There is a great outline of the history of the US Healthcare System starting with the 1900s from PBS. I've been involved operationally with the evolution of our healthcare system since the late 1970s and really think we can't talk about reform until we have looked at where we have come from. I've recommended the book Social Transformation of Medicine, but if you want a short overview at least look at the PBS timeline at https://www.pbs.org/healthcarecrisis/history.htm.
I think it is important to remind everyone that health insurance started with GM offering this as a benefit to attract employees in the 1920s. Before that time, people paid cash, pigs, eggs, chickens, etc. as compensation for their healthcare services or received it for free from those with a calling.
The US and sophistication of medical care and interventions grew and these efforts, like many others that followed were soon outgrown. Finally, the government took some decisive action in 1965 with the Medicare and Medicaid legislation. Since that time, we have continually worked to refined the way our healthcare is delivered and the mechanisms for covering the cost. Once again, we find ourselves in the position of needing to improve the system and its processes and we have two choices.
a. Continue to build upon the creative ideas that have made the quality and safety of our healthcare second to none.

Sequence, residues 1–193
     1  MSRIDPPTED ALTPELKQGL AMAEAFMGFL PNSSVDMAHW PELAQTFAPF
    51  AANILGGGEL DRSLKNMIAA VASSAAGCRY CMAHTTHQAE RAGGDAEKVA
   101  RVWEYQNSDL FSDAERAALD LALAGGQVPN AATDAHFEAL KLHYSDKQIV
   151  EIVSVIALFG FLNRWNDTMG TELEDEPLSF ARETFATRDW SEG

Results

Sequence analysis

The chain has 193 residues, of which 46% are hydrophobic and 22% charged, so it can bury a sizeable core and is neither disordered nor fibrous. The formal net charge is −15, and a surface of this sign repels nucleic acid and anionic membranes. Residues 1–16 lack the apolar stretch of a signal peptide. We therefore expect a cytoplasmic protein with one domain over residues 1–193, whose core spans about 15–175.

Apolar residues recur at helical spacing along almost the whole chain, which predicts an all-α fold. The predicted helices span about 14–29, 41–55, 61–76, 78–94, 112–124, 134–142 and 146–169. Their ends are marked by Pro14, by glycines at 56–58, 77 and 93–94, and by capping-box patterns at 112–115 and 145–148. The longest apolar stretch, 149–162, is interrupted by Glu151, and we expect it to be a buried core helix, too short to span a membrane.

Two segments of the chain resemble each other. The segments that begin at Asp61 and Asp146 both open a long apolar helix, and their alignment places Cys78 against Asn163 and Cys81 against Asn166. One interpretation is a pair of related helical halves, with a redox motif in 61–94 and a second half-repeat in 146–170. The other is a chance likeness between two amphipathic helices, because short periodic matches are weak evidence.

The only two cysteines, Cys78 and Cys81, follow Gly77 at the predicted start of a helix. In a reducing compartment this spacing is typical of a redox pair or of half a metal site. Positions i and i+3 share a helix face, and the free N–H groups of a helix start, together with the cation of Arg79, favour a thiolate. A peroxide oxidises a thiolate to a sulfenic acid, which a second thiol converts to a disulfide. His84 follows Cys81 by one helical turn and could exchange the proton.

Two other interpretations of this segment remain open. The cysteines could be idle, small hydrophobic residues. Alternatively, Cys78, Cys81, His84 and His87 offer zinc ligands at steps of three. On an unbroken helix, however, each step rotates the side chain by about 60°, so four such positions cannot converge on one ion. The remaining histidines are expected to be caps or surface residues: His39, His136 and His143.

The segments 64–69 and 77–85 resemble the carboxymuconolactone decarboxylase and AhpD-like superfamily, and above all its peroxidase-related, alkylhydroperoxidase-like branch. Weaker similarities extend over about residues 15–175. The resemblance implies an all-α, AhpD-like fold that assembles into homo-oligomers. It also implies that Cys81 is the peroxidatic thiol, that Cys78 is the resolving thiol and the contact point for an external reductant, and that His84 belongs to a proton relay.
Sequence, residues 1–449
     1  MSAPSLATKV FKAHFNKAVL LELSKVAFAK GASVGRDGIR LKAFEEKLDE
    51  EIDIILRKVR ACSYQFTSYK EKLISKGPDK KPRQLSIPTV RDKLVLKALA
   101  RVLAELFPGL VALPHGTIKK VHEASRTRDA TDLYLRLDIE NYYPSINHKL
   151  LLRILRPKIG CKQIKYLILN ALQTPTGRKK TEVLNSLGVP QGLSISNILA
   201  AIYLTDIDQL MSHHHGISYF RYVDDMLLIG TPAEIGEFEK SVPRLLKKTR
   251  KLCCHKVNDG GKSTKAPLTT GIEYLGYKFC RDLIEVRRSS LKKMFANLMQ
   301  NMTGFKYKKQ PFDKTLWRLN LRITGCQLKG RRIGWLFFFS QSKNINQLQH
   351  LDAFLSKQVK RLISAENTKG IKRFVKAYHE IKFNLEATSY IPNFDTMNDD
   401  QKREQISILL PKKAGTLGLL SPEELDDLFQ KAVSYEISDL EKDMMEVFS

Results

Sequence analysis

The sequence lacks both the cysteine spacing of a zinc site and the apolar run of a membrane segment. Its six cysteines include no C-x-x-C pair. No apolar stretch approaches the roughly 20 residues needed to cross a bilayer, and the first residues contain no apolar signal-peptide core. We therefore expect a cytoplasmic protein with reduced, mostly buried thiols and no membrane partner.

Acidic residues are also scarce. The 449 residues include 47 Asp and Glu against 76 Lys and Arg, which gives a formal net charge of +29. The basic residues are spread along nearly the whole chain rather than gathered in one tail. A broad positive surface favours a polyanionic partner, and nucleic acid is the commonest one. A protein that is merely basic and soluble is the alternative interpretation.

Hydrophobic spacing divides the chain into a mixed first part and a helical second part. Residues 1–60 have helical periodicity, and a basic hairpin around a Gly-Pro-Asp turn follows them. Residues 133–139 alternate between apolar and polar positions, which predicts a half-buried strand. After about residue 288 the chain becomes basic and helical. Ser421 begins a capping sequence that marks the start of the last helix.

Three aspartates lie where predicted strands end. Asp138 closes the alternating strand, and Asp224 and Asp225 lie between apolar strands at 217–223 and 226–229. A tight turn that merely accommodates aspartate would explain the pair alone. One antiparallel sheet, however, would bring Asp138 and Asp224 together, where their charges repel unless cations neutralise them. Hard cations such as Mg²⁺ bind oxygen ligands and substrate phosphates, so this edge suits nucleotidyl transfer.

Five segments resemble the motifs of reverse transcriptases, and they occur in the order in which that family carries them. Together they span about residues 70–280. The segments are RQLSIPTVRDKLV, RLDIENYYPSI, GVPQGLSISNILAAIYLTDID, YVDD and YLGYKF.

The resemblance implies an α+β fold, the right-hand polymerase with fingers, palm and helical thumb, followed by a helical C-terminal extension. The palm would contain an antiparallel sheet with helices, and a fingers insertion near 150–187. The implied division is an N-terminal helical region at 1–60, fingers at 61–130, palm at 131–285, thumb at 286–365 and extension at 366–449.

b. Tear down the system that has been built by employers, taxpayers, healthcare industry and multi-government guidance and investment by slowly allowing our legislators (the people late to the party) to move toward a single payor system that will create a monopoly and devastate our ability to make choices.
I recommend that we not throw out the good work of so many and that we find new and creative ways to address the current gaps -- the uninsured. To be successful, we must address each of the environmental impacts upon the healthcare system and these include:
over regulation (healthcare is the most overly regulated industry in the US)
public education and understanding of the societal issues that impact the cost of healthcare (immigration, end-of-life care, lifestyle choices, etc.)
promoting individual self-responsibility, self-control and investment in making choices to help reduce the costs of healthcare
tort reform (to reduce unnecessary costs driven by fears of lawsuits)
collaboration and transparency to ensure an effective and efficient healthcare system
As a society we need to reprioritize the issues facing us and move forward in the process to improve and refine the healthcare system in the US. I've been invited to join a panel of local physicians this evening to discuss healthcare reform and hope my local readers will attend so we can communicate and collaborate to identify solutions. Let's get back to applying scientific methods to improve the healthcare system, not any one stakeholder's individual interests or politics.
Think Plan-Do-Check-Act, Shewhart Cycle, or PDCA!